[Tuttle lost some days to illness. Always a reporter, he took advantage by making it a tour of the military medical chain.]
My affliction was likely to be short-lived. I was welcomed to stay and fight off the unspecific viral infection they vaguely diagnosed. I asked for a favor, if it wouldn’t displace a fighting man on his way back. I got sent ‘upstream’ to the Navy hospital ship anchored off shore.
A seriously injured soldier would take the same trip. He would move from the battle front through a succession of larger and larger aid stations and field hospitals until it would be decided if he needed long-term care. (Early on the final field hospitals were actually assault ships landed on the beach.) From there the chain runs through fleet hospital ships, to hospitals on Okinawa, to the Philippines or Marianas, then back to Hawaii or all the way to the U.S. if the soldier is likely to be discharged.
It is now routine to see one or two helicopters ferrying a few of the most urgent cases out to hospital ships. They fly as far forward as we dare send the delicate aircraft. Several dozen transport planes have been reserved to airlift badly injured men directly to the best facilities for them, however far away. Mundane cases like my Japanese variety of influenza take the slow road.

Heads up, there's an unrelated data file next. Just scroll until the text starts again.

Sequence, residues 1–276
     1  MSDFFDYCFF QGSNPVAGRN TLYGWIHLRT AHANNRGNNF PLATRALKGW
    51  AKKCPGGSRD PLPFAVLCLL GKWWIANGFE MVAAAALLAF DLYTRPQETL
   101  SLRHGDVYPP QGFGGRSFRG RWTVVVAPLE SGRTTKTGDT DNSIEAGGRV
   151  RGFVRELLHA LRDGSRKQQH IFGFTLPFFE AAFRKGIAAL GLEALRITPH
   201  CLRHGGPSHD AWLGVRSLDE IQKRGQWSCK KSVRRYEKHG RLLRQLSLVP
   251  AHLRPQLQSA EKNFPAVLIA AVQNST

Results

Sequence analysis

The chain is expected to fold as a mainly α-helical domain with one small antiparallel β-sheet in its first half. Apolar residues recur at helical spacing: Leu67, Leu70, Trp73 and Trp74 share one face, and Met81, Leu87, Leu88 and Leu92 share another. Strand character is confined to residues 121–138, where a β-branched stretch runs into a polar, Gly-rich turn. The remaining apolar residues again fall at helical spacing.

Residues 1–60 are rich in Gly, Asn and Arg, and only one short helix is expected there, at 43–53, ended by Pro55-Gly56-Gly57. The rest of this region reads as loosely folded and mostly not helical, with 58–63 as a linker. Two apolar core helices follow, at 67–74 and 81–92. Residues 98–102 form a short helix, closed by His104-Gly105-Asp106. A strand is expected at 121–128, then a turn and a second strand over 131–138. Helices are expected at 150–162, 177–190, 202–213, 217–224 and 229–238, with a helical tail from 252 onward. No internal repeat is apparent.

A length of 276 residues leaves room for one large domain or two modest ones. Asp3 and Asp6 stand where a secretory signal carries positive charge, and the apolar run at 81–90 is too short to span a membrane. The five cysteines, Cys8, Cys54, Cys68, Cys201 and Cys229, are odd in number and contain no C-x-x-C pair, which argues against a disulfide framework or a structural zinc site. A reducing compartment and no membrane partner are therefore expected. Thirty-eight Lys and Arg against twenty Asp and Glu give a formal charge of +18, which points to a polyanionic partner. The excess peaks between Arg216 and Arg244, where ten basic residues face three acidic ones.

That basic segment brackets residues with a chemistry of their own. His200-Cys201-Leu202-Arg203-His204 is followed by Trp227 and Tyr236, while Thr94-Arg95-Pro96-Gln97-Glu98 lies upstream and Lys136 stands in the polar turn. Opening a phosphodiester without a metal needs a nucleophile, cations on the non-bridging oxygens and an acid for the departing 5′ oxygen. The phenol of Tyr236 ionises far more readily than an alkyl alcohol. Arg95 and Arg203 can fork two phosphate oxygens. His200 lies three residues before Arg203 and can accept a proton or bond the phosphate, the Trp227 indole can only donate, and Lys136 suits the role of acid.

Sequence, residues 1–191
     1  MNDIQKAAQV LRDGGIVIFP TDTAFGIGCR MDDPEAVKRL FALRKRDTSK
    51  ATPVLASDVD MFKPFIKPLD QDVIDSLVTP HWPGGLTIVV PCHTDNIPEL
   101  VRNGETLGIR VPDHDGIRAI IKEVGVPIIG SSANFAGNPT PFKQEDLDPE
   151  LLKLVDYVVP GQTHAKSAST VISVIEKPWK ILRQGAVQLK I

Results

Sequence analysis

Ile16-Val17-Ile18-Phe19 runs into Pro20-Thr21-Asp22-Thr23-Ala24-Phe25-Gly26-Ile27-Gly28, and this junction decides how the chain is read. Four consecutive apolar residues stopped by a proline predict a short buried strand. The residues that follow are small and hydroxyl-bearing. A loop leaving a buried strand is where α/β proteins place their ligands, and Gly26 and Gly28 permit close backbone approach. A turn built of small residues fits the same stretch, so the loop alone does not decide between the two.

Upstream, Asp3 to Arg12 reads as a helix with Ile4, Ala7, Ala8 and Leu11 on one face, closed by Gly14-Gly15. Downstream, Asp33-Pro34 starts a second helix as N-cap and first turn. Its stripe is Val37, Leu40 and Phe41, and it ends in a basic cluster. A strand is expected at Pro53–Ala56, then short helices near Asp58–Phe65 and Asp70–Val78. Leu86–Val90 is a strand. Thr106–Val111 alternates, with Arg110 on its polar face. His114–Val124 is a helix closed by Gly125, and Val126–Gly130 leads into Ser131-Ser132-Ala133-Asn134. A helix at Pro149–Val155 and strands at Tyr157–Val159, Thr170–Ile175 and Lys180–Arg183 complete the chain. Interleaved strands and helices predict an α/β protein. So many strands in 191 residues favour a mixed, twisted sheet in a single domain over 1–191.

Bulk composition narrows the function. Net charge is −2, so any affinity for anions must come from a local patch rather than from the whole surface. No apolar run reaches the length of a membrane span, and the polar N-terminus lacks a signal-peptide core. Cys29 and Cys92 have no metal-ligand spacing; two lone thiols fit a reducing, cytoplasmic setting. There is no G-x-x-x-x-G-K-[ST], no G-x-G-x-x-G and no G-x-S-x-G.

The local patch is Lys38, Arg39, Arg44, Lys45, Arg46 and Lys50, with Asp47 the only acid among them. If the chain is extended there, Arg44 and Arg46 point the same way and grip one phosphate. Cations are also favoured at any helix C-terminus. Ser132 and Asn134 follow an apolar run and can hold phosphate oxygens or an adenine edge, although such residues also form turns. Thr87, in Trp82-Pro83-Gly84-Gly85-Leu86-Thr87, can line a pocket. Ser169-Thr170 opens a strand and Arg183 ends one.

On the way to a pier by Army ambulance I finally found out what had become of the civilians I was sure had stuck behind around Miyazaki. No matter how urgently an evacuation is ordered, or however violently an invader arrives, some stubbornly stay behind. They always have.
A dense neighborhood, almost a small town in its own right, was completely fenced in. High barb-wire topped runs joined small guard towers to make a well observed perimeter around the town. Any Japanese encountered by our forces nearby had been moved there. No one presumes to know which among them will live peacefully around American occupiers and which would plot attacks. So they all get boxed up together. From outside the fence the town looked sad and isolated. Cold winter rain complimented the setting.
Viewed inside the fence the Japanese city went about its normal business as if nothing was unusual. We drove through the middle, as American MPs patrolled the main street where a few shops were open for people to trade for what they needed. The people had little to do but volunteer for supervised work parties organized by the Americans, who also provided everything stocked in the stores.